via Automotive Digital Marketing Professional Community.

Mike Gorun: Your Online Reputation Is Hurting Your Customer Retention: 6 Tips To Create Customer Loyalty and Maintain Your Online Reputation

Your Online Reputation Is Hurting Your Customer Retention: 6 Tips To Create Customer Loyalty and Maintain Your Online Reputation

 

Your Online Reputation Is Hurting Your Customer Retention: 6 Tips To Create Customer Loyalty and Maintain Your Online Reputation

Statistics show that a customer who has a good experience will tell 4 to 5 people. However, a customer who has a bad experience will tell more than 20. In addition, they will usually leave a negative review to go with that word of mouth to leave a permanent finger pointed at your dealership in a bad way.

Maintaining your online reputation is crucial to new customers and previous customers deciding whether to make you their choice. If you don’t manage complaints and deal with them effectively, you are losing what could be a loyal customer and preventing prospects from ever becoming loyal customers.

But maintaining that reputation doesn’t start online, it starts at your dealership with each and every customer.

Here are 6 Tips to Maintaining a Great Online Reputation:

         1.    Have someone assigned to monitoring your review sites.

It is important to know what is being said about you in the digital world. By knowing when a negative review is posted, you can have someone handle the complaint immediately, and hopefully have the customer revise their complaint into a compliment, (preferably BEFORE anyone sees the complaint).

        2.    Know How to Handle Complaints.

Everyone in your dealership should be able to “manage” their own complaints. If you are the only one equipped to handle complaints, this may monopolize your time, thus eliminating the time needed for planning, strategizing and development your department and your dealership.

        3.    Prevent Negative Reviews with Great Follow-Up.

A follow-up phone call should be made to each and every customer 24 hours after their purchase or service visit to make sure that they are completely satisfied. It is important that the person making these calls have the authority and knowledge to handle complaints and who to assign a customer to should they need to return. Having a minimum wage college student handle this for you may actually cause more miscommunication and dissatisfaction in the long run. Put someone in place that understands how a dealership runs and has a strict guideline for how to handle a complaint.

       4.    Give Great Customer Service.

I know this one should be a given, but I want to emphasize that great customer service includes knowledge, honesty, quality and sincerity. You can’t just put a smile on your face and expect people to worship you. You have to know your product so that you can answer their questions and gain their trust. Be sincere and let them know that you are there to help them, not rip them off. When you are not sincere, it shows and makes the customer leery.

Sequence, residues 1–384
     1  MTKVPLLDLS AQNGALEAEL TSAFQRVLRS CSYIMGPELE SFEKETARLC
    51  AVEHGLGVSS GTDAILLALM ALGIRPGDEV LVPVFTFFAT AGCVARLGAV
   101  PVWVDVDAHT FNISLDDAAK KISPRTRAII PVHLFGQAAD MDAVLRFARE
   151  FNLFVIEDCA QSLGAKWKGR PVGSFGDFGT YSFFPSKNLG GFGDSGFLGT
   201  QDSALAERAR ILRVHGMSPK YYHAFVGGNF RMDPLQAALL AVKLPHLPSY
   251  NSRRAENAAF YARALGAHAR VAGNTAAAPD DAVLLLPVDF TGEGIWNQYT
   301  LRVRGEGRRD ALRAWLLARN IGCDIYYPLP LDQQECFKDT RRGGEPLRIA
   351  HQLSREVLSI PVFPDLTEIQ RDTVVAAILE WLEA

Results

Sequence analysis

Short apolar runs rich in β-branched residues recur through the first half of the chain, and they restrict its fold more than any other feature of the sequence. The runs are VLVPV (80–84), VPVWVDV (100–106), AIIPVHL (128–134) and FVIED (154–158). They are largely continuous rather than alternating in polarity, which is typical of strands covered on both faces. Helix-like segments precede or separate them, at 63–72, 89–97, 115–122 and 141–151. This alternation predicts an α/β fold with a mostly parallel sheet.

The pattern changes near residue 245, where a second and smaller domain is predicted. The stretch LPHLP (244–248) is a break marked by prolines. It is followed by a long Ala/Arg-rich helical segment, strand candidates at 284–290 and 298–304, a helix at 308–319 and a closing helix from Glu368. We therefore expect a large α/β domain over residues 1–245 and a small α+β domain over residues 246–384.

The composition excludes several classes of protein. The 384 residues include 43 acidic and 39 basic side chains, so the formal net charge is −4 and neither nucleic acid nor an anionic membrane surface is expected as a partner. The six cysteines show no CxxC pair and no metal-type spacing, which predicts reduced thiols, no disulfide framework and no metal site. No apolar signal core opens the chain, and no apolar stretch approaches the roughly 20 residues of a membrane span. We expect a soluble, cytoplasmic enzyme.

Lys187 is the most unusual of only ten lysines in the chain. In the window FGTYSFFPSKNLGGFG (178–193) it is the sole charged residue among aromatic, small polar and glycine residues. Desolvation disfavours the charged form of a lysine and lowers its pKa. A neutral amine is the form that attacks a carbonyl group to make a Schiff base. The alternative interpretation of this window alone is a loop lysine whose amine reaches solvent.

5.    Don’t Be Afraid to Ask for a Positive Review.

A lot of customers don’t even know that you have a review site or even think to post a review unless they are upset. Asking a satisfied customer to post a quick comment about why they love your dealership will give your online reputation a huge boost. Whoever you have making your follow-up calls could request this, or if you have a follow-up email created to go out to customers you could include a link in the email to make it easier for the customer. But it is important that if you include this in an email that you give the customer the option to voice a complaint. This can be a link that will allow them to submit a complaint to the General Manager. Otherwise, only having a link to POST a review could lead to more damage.

         6.    Know How to Handle a Negative Review.

When a negative review is posted, you need to do damage control and FAST. Before you contact the customer, do your research.

  • Who was the advisor and technician or salesperson?
  • What did they purchase or what service did they have done?
  • Will they need to return to the dealership?
  • How long have they been a customer?

When you contact the customer you should know and anticipate what they will say, want and need. Your ONLY goal should be to please that customer, not defend your dealership.

 

In conclusion, by preparing for complaints and negative reviews and knowing what to do to prevent negative reviews and unsatisfied customers, you will be able to proactively manage and build your online reputation to secure a life long supply of loyal customers.

We would like to know what strategies you have in place to build your online reputation and what you would recommend to our followers. What have you done to build your online reputation?

 

via Automotive Digital Marketing Professional Community.

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Automotive Reputation Management for Car Dealers

Welcome to Automotive Reputation Management for Car Dealers on WordPress.com.  This blog is for your benefit in understanding the strategies and tactics that create an effective Reputation Management program for car dealers.